It was an assassination attempt that saw him ‘promoted’ to Commander in Chief of the Navy, and once away from the ministry, it wasn’t long before the Navy was also persuaded to be in favour of allying with Germany and Italy. Now Japanese influence in the region could be properly promoted, and their reliance on US steel and oil replaced with local resources through expansion. The one problem was the US Pacific Fleet. It fell to Yamamoto to come up with a plan to do away with that problem. An honourable man ordered to fight a dishonourable war, the plan he came up with was Pearl Harbour.
The Admiral gets a 1.85:1 widescreen transfer at 1080p resolution. It’s a fair enough transfer, clear and sharp in brighter scenes, but somewhat subdued in darker scenes, of which there are many. In particular, there is rarely enough detail in the black Japanese naval uniforms, and shadow detail is always crushed. Another issue that may disappoint is that the CG used for the battle sequences, and recreating the WWII battleships is never strong enough to convince. Fortunately, the hardware and the action are secondary to what the film achieves. Other than that, the film does a fine job in terms of production value, in recreating sets, costumes and the general feel of the period.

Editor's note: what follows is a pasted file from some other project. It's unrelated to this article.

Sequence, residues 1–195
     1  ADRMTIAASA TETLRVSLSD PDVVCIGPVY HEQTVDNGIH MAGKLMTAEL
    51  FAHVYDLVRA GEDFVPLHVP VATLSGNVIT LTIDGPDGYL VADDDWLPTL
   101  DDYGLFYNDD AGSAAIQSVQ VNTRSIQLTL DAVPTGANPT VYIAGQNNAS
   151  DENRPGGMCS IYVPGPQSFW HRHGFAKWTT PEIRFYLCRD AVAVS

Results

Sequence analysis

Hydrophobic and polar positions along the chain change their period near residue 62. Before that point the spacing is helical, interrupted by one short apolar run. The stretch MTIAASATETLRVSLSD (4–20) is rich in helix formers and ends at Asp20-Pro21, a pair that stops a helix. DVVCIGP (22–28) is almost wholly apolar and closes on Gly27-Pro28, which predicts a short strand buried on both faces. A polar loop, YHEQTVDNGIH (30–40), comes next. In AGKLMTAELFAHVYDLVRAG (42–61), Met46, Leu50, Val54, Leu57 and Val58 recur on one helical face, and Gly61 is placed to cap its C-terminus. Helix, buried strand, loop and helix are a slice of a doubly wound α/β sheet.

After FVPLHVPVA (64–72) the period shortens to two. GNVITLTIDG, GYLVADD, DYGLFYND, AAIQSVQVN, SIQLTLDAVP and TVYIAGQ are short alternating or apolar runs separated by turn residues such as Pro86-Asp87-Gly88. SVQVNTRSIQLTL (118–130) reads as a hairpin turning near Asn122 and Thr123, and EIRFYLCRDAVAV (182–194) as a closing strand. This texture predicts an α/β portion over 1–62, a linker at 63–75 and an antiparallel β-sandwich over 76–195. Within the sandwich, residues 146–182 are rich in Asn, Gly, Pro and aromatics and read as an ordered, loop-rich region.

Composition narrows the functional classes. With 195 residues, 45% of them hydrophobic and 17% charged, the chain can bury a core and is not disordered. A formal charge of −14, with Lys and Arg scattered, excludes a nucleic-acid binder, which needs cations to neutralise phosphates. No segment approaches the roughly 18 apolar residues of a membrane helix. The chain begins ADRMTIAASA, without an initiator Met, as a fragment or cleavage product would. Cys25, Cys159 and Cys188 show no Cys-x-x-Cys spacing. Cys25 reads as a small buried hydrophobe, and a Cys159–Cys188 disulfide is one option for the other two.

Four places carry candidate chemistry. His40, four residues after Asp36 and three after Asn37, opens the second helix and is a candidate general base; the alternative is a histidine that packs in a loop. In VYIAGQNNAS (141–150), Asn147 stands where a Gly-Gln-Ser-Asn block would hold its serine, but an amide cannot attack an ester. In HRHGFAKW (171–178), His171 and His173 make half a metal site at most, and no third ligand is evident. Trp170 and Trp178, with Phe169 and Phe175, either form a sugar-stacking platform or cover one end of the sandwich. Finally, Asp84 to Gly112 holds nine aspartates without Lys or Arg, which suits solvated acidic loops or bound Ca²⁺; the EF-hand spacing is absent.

You have the choice between DTS-HD MA 5.1 Surround, and PCM 2.0 Stereo Japanese, with optional English subtitles. It’s a dialogue heavy film, and said dialogue is clear throughout. The subtitles are timed accurately, and are free of error. The film’s music suits the story well right up to the rather inappropriate power ballad over the end credits, and the surround really does kick in well for the film’s few action sequences.
The disc gets an animated menu, but the only extras are trailers, three original trailers for this film, and 12 trailers for other Cine Asia product.